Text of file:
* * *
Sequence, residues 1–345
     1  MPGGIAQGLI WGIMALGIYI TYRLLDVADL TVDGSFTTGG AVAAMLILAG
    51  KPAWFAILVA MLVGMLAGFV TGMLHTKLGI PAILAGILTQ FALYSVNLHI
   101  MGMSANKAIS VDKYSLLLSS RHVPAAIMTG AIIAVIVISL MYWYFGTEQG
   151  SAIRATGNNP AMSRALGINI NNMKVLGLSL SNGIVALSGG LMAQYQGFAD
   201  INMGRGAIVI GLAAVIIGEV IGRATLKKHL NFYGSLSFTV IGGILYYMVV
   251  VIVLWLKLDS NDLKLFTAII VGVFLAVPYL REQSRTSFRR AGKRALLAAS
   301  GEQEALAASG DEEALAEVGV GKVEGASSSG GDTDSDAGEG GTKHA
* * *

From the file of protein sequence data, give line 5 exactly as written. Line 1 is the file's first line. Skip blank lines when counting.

   151  SAIRATGNNP AMSRALGINI NNMKVLGLSL SNGIVALSGG LMAQYQGFAD